Written by Jocelyn (she/her), student
Labs are one of my favourite parts of being a science major! But as a high school student, you might wonder what you can expect from a science lab in university.
Science labs can really help you understand and apply what you’ve learned in a lecture, and depending what you're learning about, they can really blow your mind. You’ll definitely get to do at least one super cool lab at some point during your degree.
For those of you who are already excited about university labs (I've been there!), here are the answers to some questions you've probably been wondering about.
What do I do before my first lab?
Before attending your first lab session, you’ll need to pick up your lab manual which outlines all the experiments you’ll be doing for the whole term. Depending on the lab course, you may be briefed your first week of the lab or you might jump right into an experiment. You’ll need a lab coat and goggles for your Chemistry and Biology labs and a hand lens for your Earth Science labs to check out your rock specimens. Talk about swag! (Unfortunately, physics labs don’t come with a cool outfit.)
When I bought my lab coat in first year it was really exciting for me cause it was like ‘wow! I’m a real science student now!’
Do I get a lab partner, just like in the movies?
Yes, for many lab courses you’ll need a lab partner so you can work in tandem together to get the experiment done on time. Lab partners aren’t assigned though, so if your BFF is in your lab section, go ahead and pair up with them.
In first year I paired up with my roommate and we had a fun time in the lab since we knew each other well already. If you don’t know anyone, that’s okay too, you might make a new friend!
What if I don't understand the experiment in the lab manual?
That’s what I thought just before my first physics lab (had no idea what an air track was) and I was so worried that I would fail my first physics lab ever (and potentially the whole term since the first day was off to a bad start). Luckily, in all of our labs, there are lab instructors and teaching assistants (TAs) to help out.
Before starting the lab, the lab instructor will go over some important tips and information for the lab and will usually show you how the equipment works, especially if it’s some sort of apparatus that you’ve never seen before.
You’ll need to read the lab procedure ahead of time and you’ll usually need to come with a completed pre-lab assignment or a summary of the experiment so that the TAs know you're prepared.
But if you still don't quite understand everything, don’t stress! It will be explained once you get to the lab and if you still don’t understand — ask for help.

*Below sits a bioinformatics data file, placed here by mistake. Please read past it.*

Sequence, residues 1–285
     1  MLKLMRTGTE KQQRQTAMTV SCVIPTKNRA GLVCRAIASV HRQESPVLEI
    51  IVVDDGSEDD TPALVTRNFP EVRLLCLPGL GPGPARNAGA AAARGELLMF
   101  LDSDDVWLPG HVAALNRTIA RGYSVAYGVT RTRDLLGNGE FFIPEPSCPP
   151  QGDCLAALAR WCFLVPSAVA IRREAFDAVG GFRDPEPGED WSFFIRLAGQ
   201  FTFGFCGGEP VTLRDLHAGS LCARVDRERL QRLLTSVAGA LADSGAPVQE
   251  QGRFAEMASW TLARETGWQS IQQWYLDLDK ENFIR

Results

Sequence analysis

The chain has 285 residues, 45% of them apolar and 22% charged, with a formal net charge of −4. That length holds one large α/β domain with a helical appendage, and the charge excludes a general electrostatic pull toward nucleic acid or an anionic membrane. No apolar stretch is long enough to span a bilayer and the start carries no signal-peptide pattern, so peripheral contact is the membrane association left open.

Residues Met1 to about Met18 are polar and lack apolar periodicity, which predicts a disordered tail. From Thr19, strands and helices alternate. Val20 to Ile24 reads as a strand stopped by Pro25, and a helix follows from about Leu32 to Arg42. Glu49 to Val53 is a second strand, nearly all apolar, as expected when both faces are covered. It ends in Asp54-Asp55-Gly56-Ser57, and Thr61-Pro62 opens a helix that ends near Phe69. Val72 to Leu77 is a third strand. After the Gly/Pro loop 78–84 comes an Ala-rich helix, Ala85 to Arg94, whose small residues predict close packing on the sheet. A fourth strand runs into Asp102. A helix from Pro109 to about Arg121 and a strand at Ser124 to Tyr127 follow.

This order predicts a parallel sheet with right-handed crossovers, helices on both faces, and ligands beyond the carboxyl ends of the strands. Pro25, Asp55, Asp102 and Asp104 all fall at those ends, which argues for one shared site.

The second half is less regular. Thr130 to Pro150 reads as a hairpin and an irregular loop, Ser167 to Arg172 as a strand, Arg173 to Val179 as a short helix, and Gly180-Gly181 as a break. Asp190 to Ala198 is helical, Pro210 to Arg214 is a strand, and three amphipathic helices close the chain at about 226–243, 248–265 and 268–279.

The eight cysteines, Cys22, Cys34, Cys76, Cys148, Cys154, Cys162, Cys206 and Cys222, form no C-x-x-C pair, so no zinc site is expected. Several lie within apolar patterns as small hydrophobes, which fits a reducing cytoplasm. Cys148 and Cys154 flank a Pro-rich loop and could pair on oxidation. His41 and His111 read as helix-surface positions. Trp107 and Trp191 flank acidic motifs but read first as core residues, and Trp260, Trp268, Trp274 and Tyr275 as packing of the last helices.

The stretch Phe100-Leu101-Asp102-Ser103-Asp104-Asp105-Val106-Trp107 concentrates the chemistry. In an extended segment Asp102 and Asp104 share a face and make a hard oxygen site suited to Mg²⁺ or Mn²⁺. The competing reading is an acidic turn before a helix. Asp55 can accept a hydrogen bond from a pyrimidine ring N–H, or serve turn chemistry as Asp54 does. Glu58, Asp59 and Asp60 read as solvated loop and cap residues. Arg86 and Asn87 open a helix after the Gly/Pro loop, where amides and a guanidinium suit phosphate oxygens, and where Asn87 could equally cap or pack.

What you can discover about science outside the laboratory
What about the actual experiment?
Now, getting to the good part — the experiment! Science is pretty magical. Each lab is a new experiment and you’ll get to discover and experience something different.
If you're careful to follow the experimental procedure, you should be good to go. Remember TAs and the Lab Instructor are around for the entire lab so that you can ask questions whenever you need to. Also, remember to record data and observations that you’ll need for your lab report. If your results aren't what you expected, that's totally fine! Just record what happened along with your thoughts as to why, and you're doing it right!
I didn’t love every single lab I did, but there were definitely a lot of fun ones! Two of my favourite labs were the quantum dots lab (as mentioned here) and my first chemistry lab ever, where we observed the chemical properties of copper as it changed colours many times. Who knew that copper could change to a teal colour and a black colour? Awesome!
What's the deal with post lab?
After your lab you’ll most likely have to submit a lab report — but don’t worry. In first year they’re pretty simple and there are questions to walk you through how to discuss your results.
Depending on what lab course you took, your lab report could be informal or formal, and it could be due at the end of the lab period or two weeks later. Double check your lab manual or ask your lab instructor so that you don’t get penalized for something super simple, like missing an introduction section, or handing your lab report in late.
Anything else I should know about?
Not every lab course has an exam, but most of them do. So make sure you know what’s going on in the labs and the theory behind each experiment because you will most likely be tested on it at the end of the term.
That’s all there is to it! Don’t stress, and embrace the hands-on learning that you get to do as a science student.